United Kingdom drivers learn to stay to the left rather than to the right. The
two customs are simple, arbitrary, and equivalent. Compared to the complexities
of learning to drive, this convention seems simple. However, it is very
difficult for a driver with years of experience driving on one side of the road
to drive on the other side when visiting a foreign country. The driver must
focus strict attention; reminding himself constantly to stay on the unfamiliar
of the road.
Playing the Slots
Slot machines, the infamous “one-armed bandits” of the gambling casino, are
well engineered instruments of operant conditioning. The human operator inserts
coins and pulls the handle. After some random number of attempts, the gambler is
rewarded by a jackpot of coins, ringing bells, and distinctive sounds. The
gambler is quickly trained to feed coins into the machine and pull the handle in
pursuit of further rewards.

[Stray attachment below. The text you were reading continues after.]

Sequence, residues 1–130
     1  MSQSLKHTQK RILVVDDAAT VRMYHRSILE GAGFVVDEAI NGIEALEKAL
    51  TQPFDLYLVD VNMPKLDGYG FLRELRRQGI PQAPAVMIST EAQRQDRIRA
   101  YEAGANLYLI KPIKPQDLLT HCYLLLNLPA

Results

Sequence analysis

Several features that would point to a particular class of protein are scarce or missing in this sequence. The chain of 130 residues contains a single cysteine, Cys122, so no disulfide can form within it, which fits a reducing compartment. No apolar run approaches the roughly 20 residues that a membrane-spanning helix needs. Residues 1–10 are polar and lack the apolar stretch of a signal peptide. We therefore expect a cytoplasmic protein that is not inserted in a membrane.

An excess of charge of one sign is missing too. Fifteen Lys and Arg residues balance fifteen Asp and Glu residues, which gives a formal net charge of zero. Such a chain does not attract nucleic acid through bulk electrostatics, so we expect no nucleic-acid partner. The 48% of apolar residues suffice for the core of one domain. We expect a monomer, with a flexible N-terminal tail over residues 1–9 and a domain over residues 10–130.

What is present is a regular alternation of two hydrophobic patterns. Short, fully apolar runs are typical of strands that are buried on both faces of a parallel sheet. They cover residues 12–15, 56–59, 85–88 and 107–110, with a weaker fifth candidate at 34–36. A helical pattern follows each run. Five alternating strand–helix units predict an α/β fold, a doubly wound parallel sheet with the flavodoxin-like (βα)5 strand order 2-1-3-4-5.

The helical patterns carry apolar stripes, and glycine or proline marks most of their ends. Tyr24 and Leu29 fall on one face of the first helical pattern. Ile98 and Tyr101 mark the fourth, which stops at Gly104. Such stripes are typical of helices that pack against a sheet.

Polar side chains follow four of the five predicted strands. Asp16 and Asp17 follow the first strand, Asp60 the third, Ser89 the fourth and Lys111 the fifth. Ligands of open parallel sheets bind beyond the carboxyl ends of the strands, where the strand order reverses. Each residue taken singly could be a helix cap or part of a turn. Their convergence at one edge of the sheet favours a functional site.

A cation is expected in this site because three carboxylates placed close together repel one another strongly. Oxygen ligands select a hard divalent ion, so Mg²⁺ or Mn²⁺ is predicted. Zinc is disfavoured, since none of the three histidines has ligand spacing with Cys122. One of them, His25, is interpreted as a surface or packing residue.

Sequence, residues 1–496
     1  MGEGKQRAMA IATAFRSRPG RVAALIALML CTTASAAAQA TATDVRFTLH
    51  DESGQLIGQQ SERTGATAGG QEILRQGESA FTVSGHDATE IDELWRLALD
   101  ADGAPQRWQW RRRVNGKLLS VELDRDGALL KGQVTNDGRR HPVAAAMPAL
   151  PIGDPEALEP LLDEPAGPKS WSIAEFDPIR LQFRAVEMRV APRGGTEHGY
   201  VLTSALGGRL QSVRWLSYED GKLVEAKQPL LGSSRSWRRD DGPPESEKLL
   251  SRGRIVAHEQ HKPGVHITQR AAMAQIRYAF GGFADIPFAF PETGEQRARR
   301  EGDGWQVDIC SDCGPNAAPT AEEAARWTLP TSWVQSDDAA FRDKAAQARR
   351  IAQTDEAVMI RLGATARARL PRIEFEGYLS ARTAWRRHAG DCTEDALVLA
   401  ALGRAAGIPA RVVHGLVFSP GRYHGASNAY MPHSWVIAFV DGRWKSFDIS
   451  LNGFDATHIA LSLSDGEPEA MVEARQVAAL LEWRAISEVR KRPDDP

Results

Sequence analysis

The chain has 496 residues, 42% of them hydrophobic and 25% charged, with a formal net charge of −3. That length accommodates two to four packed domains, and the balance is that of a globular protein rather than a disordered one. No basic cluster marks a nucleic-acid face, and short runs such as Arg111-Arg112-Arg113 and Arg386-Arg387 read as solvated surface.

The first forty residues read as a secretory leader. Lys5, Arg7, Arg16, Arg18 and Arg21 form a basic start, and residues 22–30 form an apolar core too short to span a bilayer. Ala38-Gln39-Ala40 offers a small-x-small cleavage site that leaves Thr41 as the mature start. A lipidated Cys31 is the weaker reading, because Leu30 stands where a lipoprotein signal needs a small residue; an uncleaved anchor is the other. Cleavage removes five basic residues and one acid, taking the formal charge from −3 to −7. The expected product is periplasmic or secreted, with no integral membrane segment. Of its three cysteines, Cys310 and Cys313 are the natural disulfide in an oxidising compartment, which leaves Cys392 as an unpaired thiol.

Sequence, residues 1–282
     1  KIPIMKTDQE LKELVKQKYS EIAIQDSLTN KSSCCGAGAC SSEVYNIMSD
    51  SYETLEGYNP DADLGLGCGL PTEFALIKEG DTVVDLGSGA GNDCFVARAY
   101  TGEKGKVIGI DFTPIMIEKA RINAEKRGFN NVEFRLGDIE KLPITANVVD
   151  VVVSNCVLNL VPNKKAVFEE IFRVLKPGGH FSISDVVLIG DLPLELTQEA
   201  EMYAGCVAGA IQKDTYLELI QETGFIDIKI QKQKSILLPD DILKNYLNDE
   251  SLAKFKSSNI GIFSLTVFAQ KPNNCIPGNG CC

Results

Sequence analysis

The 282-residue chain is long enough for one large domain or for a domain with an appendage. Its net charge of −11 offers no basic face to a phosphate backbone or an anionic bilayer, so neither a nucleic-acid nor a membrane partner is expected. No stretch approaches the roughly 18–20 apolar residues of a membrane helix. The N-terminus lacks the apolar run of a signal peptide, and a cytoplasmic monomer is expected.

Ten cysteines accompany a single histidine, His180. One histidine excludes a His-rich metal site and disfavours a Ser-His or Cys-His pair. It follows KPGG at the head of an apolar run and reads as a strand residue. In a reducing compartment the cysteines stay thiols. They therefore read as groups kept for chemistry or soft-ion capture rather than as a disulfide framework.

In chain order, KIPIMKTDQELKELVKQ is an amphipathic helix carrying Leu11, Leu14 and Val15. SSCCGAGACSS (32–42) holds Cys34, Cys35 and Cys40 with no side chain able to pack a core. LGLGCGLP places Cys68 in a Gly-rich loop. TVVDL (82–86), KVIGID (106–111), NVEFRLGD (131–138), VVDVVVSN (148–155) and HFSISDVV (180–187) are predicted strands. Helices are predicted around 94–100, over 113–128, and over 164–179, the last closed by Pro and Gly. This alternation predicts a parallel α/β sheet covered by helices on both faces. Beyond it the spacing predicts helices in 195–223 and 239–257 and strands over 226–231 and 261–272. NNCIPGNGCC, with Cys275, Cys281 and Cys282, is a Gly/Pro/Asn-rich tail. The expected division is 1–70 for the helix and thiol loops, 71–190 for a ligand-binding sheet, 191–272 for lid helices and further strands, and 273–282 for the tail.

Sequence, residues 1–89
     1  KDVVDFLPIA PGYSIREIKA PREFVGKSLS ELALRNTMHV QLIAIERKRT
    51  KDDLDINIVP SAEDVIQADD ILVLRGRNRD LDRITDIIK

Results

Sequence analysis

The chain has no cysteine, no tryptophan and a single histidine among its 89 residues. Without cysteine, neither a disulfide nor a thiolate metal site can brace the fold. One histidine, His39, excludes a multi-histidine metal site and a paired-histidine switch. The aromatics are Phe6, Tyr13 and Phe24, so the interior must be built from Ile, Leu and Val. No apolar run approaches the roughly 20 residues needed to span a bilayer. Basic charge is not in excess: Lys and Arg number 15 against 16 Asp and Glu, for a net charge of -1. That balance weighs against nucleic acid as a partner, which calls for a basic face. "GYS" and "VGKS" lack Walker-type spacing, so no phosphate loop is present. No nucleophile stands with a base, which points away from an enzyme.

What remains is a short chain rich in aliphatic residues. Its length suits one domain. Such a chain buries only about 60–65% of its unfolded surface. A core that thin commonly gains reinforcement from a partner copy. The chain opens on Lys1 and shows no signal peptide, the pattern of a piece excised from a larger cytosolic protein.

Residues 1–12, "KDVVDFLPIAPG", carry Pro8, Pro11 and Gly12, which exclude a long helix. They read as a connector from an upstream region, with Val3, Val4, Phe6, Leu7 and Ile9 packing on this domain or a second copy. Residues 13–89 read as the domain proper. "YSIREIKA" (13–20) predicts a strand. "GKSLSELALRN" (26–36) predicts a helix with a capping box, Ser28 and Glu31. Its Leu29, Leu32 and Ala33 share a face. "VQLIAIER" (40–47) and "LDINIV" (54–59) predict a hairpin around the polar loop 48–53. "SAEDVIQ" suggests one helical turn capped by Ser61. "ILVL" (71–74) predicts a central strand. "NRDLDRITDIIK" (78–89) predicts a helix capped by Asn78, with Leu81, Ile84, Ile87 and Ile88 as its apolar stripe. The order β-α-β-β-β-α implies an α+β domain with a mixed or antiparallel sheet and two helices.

Acquired food preferences and aversions
Humans quickly develop a strong aversion to a particular food if they become
ill after ingesting the food.
Other conditioned responses
- A wide variety of experiments have shown that the number of plural nouns
(for example) produced by a subject will increase if the experimenter says “right” or
“good” when one is produced [Chom]
Learning and Memory,
by Barry Schwartz, Daniel Reisberg
Domjan and Burkhard's the Principles of Learning and Behavior,
by Michael Domjan
Psychology: Core Concepts, by Phillip G. Zimbardo, Ann L. Weber, Robert
Learning and Behavior,
by James E. Mazur
Ivan Petrovich Pavlov
Web site, including the full text of his lectures.
Maps of Bounded Rationality: A Perspective on Intuitive Judgment and Choice,
Nobel Prize Lecture, December 8, 2002 by Daniel Kahneman
Review of B. F. Skinner's Verbal Behavior
in Language, 35, No. 1 (1959), 26-58, by Noam Chomsky
Is the Operant Contingency Enough for a Science of Purposive Behavior?,
William Timberlake, Behavior and Philosophy, 32, 197-229 (2004)